But no, the swimmer simply walked off. TWICE. Okay, he did utter what seemed like a rather cursory “Hi guys,” once.

      As far as I’m concerned, I don’t think Leonard was very harsh in his opinion. I think people are simply sensationalising the angle.

      What I got from his article was a sense of an athlete’s state of mind and maturity. You know as well as I do that this can be easily twisted into: “LEONARD THOMAS SAYS QZW HAS NO CHARACTER”.

      But to each his own. We all read things differently. And that’s the beauty of opinion.

      My beef is not with QZW. I have not met him before, although many of my peers have lots to say about him regarding his treatment to members of the media.

      What I abhor are people who troll for the sake of doing so.

      Like

  2. Alex says:

    Hi Alywinche,

    If anything, Zheng Wen puts him self very well in front of the media. His responses have always been nothing but humbling over the many years, and especially team oriented (watch his seagames interviews for example). There has never been a glimmer of selfishness or attitude in his replies. I think the reason why most people are mad with Leonard is that he simply judged him based on that once instance, totally disregarding the greater picture. Swimming the 100 back is no easy task too.. Sprinting 1 lap in the pool gives you the same feeling as finishing a 2.4km on 9 min flat, except that feeling is compressed into less than a minute. It’s hellish. He’s an extremely humble athlete.

    Like

    • Hi Alex, I’m not sure what QZW is like because I have never met him before, and I’m sure doing what he does is extremely hard work. All I’m saying is that he should’ve stopped and said something. Anything.

      I’m not saying he’s a lesser athlete just because he didn’t do so. I’m saying people should shut up if all they can utter are insults to Leonard Thomas.

      Like

  3. well written, though i would be stingy with the vulgarities. 🙂 i understand your main beef is with the critics of leonard, especially those who attacked his character. while i was also of the opinion that leonard was harsh in his article, i do not feel that it is gentlemanly or professional (well, i’m not a journalist or writer) to attack his character. in fact, a better outcome from this episode would be for people to encourage our athletes (and journalists), as well as for people to be more gracious toward one another. we can all hope.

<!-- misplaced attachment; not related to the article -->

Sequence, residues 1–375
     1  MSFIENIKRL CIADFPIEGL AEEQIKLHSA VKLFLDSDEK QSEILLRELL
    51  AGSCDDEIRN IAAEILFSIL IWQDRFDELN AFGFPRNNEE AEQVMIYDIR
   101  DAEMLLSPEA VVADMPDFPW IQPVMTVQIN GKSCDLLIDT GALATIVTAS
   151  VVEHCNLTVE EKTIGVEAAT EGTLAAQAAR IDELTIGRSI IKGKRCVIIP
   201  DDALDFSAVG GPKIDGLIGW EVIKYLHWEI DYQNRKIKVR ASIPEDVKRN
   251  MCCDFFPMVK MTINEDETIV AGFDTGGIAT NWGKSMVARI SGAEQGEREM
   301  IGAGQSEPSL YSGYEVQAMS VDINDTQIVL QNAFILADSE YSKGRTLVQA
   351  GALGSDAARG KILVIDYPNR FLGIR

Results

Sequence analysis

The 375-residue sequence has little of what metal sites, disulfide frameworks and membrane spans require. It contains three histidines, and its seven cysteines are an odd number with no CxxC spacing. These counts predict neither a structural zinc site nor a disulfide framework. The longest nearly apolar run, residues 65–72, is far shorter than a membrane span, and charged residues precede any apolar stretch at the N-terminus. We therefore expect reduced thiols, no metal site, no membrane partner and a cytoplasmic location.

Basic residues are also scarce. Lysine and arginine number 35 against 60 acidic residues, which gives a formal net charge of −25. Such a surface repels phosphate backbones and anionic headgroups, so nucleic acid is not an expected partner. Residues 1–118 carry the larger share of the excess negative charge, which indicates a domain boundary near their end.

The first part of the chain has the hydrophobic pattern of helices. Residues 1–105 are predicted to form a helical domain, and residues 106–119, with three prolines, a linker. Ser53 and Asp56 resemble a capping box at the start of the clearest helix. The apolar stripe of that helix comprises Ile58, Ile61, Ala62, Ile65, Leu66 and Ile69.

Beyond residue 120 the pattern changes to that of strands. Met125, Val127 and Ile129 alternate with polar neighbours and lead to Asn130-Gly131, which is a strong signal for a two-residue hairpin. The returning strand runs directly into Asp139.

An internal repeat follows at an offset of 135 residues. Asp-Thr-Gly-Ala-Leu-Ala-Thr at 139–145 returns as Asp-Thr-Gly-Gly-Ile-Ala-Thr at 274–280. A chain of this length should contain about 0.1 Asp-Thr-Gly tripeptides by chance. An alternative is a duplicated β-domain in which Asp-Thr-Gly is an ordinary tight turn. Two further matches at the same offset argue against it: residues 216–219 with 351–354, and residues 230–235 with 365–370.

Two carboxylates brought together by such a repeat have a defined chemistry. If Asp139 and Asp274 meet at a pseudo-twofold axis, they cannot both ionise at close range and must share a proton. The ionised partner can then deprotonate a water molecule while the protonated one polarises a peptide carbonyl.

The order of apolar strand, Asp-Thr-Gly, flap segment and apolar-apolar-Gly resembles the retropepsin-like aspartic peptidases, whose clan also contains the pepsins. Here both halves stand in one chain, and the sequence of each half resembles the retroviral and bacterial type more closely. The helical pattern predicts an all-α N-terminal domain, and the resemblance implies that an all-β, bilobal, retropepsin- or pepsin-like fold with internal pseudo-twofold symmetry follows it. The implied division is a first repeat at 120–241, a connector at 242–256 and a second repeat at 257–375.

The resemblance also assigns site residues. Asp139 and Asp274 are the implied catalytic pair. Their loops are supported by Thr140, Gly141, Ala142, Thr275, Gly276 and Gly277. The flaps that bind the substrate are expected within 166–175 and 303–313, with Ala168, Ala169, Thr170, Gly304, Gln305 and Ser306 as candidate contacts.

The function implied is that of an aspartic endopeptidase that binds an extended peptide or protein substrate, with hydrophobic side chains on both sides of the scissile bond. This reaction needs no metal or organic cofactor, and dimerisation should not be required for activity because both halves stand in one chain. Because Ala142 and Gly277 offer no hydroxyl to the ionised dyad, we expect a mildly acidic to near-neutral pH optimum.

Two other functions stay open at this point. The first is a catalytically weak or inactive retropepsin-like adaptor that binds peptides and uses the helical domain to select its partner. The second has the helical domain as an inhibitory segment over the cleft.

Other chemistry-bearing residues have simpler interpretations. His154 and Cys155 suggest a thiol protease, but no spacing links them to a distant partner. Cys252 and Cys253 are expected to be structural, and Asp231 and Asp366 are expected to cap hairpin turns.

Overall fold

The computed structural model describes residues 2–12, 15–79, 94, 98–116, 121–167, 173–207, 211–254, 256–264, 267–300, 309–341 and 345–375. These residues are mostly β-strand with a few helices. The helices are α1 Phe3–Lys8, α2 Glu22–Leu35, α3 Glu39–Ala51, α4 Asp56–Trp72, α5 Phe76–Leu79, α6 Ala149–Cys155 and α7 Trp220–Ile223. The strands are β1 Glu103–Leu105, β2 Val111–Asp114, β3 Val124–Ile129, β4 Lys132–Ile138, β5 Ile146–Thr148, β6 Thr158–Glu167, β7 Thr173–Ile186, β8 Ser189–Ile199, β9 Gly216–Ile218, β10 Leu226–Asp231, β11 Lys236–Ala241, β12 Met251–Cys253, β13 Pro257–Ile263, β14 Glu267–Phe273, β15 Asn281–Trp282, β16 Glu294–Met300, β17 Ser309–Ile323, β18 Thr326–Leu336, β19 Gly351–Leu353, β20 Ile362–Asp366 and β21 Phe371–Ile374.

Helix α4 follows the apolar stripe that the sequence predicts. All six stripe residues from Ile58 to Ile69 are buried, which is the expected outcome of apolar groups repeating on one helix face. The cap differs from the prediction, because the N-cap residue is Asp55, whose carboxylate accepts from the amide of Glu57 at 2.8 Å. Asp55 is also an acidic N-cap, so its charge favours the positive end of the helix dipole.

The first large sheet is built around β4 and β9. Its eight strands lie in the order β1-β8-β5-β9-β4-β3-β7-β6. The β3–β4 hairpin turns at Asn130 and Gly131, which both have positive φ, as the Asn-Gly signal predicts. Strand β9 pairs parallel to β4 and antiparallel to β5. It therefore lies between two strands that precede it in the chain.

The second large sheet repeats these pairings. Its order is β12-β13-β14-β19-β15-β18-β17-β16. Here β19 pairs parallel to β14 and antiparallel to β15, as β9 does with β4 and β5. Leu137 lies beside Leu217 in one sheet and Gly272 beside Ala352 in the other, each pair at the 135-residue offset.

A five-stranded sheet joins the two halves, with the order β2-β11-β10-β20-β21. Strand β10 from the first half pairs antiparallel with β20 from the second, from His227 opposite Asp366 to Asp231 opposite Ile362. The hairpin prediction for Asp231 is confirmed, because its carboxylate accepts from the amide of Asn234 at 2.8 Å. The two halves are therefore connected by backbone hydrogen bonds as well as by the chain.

Like

    • Hi Yuntai. I totally agree. I think Singapore has done remarkably well on the economic front in a mere 51 years. Graciousness, unfortunately, needs to be work on.

      Like

  4. Nathaniel says:

    You detail how being a sports journalist is not an easy job, and there is a pressure to get the story, because it is their job. And there is some measure of respect to be had for those in the media who spend time and effort in reporting facts and delivering stories, all under very tight deadlines. If I were you however, I would be very careful to assert that talking to the media is one of the obligations of an athlete. I know you have a point that you want to make, but I am saying that that athletes too have a point of being there; to win a medal. I’m sorry if you think journalists play any role in their goal and aspirations as an athlete.

    As a matter of being a decent PERSON however, Quah might have spared a thought for hopeful Singaporeans who are eager to see us make a name for ourselves in an international arena. He could have spared a few comments on his feelings after the competition. I’m sure people want to know WHY, whether it is to empathize or criticize. But he owes that to no one, and his reasons are his own.
    What do you propose? That he stop to comment lest he lose his position on the national team? How would that turn out? Some worse case scenarios you could end up with include athletes violating that rule in the midst of a very vulnerable and emotional moment because they just are seriously not caring about anything anymore in that moment, or you get an interview that goes something like this:

    Reporter: “How do you feel about your performance?”

    Quah: “… Not now.”

    Media Liason: “You have to say something, it’s in your contract.”